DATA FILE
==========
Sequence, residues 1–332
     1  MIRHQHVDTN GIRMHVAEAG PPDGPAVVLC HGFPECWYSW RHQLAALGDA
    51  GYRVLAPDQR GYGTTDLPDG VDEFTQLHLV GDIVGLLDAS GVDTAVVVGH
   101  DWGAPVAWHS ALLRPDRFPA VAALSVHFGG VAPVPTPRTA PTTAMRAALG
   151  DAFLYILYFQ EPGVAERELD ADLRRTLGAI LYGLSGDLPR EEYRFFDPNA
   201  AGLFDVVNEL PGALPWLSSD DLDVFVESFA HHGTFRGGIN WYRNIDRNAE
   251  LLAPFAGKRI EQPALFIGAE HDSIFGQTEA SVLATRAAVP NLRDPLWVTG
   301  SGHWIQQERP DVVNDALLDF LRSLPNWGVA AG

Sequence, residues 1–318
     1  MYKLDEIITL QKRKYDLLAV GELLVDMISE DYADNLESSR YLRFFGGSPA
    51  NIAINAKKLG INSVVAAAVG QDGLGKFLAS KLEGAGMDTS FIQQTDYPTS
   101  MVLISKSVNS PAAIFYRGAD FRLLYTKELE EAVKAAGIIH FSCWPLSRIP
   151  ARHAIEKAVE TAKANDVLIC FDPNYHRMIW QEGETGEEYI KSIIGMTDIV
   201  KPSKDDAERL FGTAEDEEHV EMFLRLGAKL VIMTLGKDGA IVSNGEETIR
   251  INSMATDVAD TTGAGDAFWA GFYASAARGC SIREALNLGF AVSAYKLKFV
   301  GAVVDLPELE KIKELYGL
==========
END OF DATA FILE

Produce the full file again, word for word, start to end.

Sequence, residues 1–332
     1  MIRHQHVDTN GIRMHVAEAG PPDGPAVVLC HGFPECWYSW RHQLAALGDA
    51  GYRVLAPDQR GYGTTDLPDG VDEFTQLHLV GDIVGLLDAS GVDTAVVVGH
   101  DWGAPVAWHS ALLRPDRFPA VAALSVHFGG VAPVPTPRTA PTTAMRAALG
   151  DAFLYILYFQ EPGVAERELD ADLRRTLGAI LYGLSGDLPR EEYRFFDPNA
   201  AGLFDVVNEL PGALPWLSSD DLDVFVESFA HHGTFRGGIN WYRNIDRNAE
   251  LLAPFAGKRI EQPALFIGAE HDSIFGQTEA SVLATRAAVP NLRDPLWVTG
   301  SGHWIQQERP DVVNDALLDF LRSLPNWGVA AG

Sequence, residues 1–318
     1  MYKLDEIITL QKRKYDLLAV GELLVDMISE DYADNLESSR YLRFFGGSPA
    51  NIAINAKKLG INSVVAAAVG QDGLGKFLAS KLEGAGMDTS FIQQTDYPTS
   101  MVLISKSVNS PAAIFYRGAD FRLLYTKELE EAVKAAGIIH FSCWPLSRIP
   151  ARHAIEKAVE TAKANDVLIC FDPNYHRMIW QEGETGEEYI KSIIGMTDIV
   201  KPSKDDAERL FGTAEDEEHV EMFLRLGAKL VIMTLGKDGA IVSNGEETIR
   251  INSMATDVAD TTGAGDAFWA GFYASAARGC SIREALNLGF AVSAYKLKFV
   301  GAVVDLPELE KIKELYGL